A 45-year-old woman comes to the physician due to 1 year history of progressive shortness of breath and nonproductive cough. She has had no fever or weight loss. Her medial history is unremarkable. Her blood pressure is 124/84 mmHg, pulse is 76/min and respirations are 16/min. She has never smoked cigarettes. Crackles are heard in both mid lung zones on auscultation. The rest of the exam shows no abnormalities. Her serum calcium is increased. Angiotensin-converting enzyme (ACE) level is 105 ug/L (N:<40 ug/L). A radiograph of the chest shows bilateral hilar fullness. Which of the following is most likely the cause of this patient’s hypercalcemia?
B) Exogenous PTH production
C) Lytic bone lesions and increased IL-6 production
D) Granulomatous secretion of PTH-related hormone
E) Increased production of 1,25-dihydroxycholecalciferol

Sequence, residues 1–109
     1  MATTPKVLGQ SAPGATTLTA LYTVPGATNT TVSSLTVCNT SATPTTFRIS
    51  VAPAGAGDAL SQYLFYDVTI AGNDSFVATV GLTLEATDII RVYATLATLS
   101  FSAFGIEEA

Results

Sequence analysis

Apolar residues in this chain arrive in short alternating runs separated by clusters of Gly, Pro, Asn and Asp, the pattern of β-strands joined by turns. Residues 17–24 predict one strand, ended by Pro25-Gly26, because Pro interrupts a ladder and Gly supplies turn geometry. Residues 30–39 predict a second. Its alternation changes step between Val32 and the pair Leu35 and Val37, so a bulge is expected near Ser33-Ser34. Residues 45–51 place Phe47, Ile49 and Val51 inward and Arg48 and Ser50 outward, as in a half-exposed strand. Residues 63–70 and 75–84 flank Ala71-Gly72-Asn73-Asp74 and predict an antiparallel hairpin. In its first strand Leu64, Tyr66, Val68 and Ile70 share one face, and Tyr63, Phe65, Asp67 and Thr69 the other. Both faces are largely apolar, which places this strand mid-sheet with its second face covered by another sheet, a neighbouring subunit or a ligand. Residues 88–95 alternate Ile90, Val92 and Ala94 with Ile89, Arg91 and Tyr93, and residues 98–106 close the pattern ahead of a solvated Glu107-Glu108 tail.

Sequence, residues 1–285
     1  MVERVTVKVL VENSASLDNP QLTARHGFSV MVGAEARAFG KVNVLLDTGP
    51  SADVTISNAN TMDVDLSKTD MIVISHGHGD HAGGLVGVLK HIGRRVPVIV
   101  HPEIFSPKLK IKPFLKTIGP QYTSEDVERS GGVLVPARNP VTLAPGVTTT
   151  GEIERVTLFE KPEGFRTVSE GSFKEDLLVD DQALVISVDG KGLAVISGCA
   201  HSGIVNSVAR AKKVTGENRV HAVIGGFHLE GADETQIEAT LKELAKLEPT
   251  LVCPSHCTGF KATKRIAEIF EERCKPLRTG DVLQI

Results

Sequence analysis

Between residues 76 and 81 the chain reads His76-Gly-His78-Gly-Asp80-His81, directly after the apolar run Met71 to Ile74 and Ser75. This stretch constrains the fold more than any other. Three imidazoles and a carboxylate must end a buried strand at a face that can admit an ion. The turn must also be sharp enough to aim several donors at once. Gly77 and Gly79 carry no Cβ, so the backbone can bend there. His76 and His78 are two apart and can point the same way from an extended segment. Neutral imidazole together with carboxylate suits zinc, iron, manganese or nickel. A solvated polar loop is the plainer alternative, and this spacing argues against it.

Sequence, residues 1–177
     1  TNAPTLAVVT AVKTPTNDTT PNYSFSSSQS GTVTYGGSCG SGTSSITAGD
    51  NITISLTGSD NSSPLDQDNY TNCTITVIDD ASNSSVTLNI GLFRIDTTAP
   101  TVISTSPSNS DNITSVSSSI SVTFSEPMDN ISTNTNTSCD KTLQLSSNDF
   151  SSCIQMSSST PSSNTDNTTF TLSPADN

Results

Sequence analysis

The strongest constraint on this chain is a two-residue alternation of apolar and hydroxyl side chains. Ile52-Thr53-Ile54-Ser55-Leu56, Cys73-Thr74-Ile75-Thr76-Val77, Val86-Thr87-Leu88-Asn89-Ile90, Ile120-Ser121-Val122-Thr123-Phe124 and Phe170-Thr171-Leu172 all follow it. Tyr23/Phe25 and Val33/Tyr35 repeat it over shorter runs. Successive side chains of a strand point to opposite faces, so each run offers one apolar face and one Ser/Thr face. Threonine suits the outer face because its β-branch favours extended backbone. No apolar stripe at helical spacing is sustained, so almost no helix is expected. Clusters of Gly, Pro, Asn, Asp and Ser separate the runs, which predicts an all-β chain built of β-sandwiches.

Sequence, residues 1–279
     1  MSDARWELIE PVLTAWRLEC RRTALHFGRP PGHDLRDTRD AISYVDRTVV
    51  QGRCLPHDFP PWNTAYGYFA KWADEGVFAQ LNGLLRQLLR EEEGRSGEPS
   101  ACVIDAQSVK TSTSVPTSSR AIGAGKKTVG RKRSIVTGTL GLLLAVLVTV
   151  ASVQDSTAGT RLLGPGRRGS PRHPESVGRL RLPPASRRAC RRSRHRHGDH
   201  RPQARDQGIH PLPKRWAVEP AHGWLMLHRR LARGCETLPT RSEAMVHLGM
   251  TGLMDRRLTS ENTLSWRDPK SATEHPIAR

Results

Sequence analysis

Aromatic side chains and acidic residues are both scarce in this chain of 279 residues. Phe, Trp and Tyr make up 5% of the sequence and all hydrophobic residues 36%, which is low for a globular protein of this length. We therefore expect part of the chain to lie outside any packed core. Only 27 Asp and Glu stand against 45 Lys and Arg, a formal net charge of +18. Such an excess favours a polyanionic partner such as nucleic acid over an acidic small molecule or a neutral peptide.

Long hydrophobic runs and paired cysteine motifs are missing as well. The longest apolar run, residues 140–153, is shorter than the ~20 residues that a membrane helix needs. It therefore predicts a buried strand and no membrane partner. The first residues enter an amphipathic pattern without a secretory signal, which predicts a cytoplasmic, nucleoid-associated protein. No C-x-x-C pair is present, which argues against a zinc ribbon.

The correct answer is E. This patient most likely has Sarcoidosis, a disease of granulomatous inflammation characterized by hilar lymphadenopathy, pulmonary reticular opacities and inflammation of other tissues, such as skin, eyes, joints, heart, and GI tract. Approximately 10-20% of patients who have sarcoidosis will have clinical or laboratory evidence of hypercalcemia. Granulomatous disease causes hypercalcemia via increased production of calcitriol, also known as 1,25-dihydoxycholecalciferol, the active version of vitamin D.